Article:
• 23. Discussion Starters on the Implications for Heritage Classrooms Include a statement in your first day of class about the need to appreciate and respect diversity. Including Heritage Institute's anti-discrimination policy shows that you are aware of it, and provides a basis for discussion or action should a relevant issue arise. Helpful? Why? Why not?
  • 24. Discussion Starters on the Implications for Heritage Classrooms Include a statement in your first day of class about the need to s et ground rules for class discussion, based on an agreement to honor each other’s differences and experiences. Acknowledge that a certain amount of conflict may be necessary for the learning process. Helpful? Why? Why not?
  • 25. Discussion Starters on the Implications for Heritage Classrooms Review the syllabus during the first day of class and highlight and discuss the impersonal, specific, concrete grading criteria for the class. Review grades with students regularly to avoid surprises and accusations of favoritism or discrimination. Helpful? Why? Why not?
  • 26. Discussion Starters on the Implications for Heritage Classrooms
    • Get to know your students during the first week of the module-class and learn to pronounce their names correctly.
    • Helpful? Why? Why not?
  • 27. Discussion Starters on the Implications for Heritage Classrooms
    • Expect international students to have different expectations regarding classroom practices and that it takes time for the students to adjust to "American style" of teaching and learning.
    • Helpful? Why? Why not?
  • 28. Discussion Starters on the Implications for Heritage Classrooms Remember that, in our classrooms, age can be a significant factor in cultural experience. Many of our older students are less technologically savvy and have fears of learning which the younger students do not have. Older students can look down upon or be impatient with the younger and vice versa. Helpful? Why? Why not?
  • 29. Discussion Starters on the Implications for Heritage Classrooms If your class includes group work, even if students choose their own team members, insist that the group composition must be as diverse as possible with regard to gender, race, age, nationality and major. Helpful? Why? Why not?
  • 30. Discussion Starters on the Implications for Heritage Classrooms Pay attention to how you address different groups of students. Do you refer to international students in the same way as you refer to other students? Do you address men and women differently? How about the married or single? Strive for as much consistency as possible in the way you address each person in the class. Helpful? Why? Why not?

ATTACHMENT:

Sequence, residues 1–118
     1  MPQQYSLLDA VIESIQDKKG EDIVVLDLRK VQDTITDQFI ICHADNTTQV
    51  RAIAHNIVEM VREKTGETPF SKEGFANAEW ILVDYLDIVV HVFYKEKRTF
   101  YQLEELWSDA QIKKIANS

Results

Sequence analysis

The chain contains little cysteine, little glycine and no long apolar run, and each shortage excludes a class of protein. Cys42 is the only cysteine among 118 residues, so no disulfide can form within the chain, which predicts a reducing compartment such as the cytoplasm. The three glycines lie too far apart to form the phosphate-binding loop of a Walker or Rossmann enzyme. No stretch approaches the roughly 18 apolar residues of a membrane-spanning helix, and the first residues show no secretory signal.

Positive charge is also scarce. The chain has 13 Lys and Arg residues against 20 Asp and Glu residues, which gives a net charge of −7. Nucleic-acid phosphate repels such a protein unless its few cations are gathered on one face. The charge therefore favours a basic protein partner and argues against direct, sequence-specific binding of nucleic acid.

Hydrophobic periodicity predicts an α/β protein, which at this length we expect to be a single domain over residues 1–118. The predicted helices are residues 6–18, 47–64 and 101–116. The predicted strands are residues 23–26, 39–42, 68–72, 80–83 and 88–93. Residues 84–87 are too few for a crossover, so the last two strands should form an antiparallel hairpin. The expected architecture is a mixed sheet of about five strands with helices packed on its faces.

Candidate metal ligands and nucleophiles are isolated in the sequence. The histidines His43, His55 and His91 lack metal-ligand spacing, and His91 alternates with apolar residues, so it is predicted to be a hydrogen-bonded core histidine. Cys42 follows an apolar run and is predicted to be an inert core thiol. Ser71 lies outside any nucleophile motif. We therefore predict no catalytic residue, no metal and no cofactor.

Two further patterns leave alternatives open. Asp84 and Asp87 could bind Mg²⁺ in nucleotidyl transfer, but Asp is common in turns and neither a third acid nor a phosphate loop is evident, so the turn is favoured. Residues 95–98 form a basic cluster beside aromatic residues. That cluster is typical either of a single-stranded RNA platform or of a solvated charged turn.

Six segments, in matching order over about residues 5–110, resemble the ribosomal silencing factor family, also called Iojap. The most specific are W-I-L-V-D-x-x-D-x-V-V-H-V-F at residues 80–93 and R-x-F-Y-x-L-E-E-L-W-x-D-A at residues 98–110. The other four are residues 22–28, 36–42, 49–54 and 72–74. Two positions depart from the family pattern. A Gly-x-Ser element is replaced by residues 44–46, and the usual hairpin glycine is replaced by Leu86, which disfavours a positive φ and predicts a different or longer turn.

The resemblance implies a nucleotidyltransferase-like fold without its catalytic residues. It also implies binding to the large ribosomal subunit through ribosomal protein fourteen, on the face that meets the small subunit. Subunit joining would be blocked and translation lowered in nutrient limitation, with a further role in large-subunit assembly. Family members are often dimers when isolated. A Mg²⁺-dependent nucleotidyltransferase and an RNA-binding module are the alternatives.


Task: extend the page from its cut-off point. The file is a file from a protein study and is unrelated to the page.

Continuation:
• 31. Discussion Starters on the Implications for Heritage Classrooms Monitor the questions and comments coming from the class to make sure that one group's opinions are not over-represented. If people from some groups (race, gender, nationality, major) are not volunteering information, ask for their opinion. Helpful? Why? Why not?
  • 32. Discussion Starters on the Implications for Heritage Classrooms Use a random system for asking general questions or soliciting class participation so that every student has the same chance of participating. Helpful? Why? Why not?
  • 33. Discussion Starters on the Implications for Heritage Classrooms When students are speaking to each other, monitor the discussion to make sure that students show consideration and respect. Make sure that all groups are able to participate. Intervene if a person or group of people are trying to dominate the discussion. Helpful? Why? Why not?
  • 34. Discussion Starters on the Implications for Heritage Classrooms If you use cases, choose cases which involve diverse populations, female decision makers, or decision makers with Hispanic, Asian etc. surnames. Use cases which involve multi-cultural constituencies. Helpful? Why? Why not?
  • 35. Discussion Starters on the Implications for Heritage Classrooms Do not allow students to sit in the same seat EVERY class meeting. Encourage students to sit next to people they don't know. This will encourage students to get to know their colleagues as people. Helpful? Why? Why not?
  • 36. Discussion Starters on the Implications for Heritage Classrooms Avoid identifying “spokespersons.” Don’t assume, for example, that a student who uses a wheelchair can represent the views of all Americans with disabilities. Do not assume that there is a "collective identity" minority students share. Instead, treat minority students as individuals. Helpful? Why? Why not?
  • 37. Discussion Starters on the Implications for Heritage Classrooms Invite guest speakers to your class who represent diversity in gender, race and ethnicity, even if the topic itself does not deal with multi-cultural or diversity issues. Helpful? Why? Why not?
  • 38. Discussion Starters on the Implications for Heritage Classrooms Where appropriate, use the lecture materials to show how your field has become more diverse in the past few years. Present information about the increases in men or women, minorities, international employees in the profession. Discuss how the changing population has affected the field. How is the profession adapting to a global market? Helpful? Why? Why not?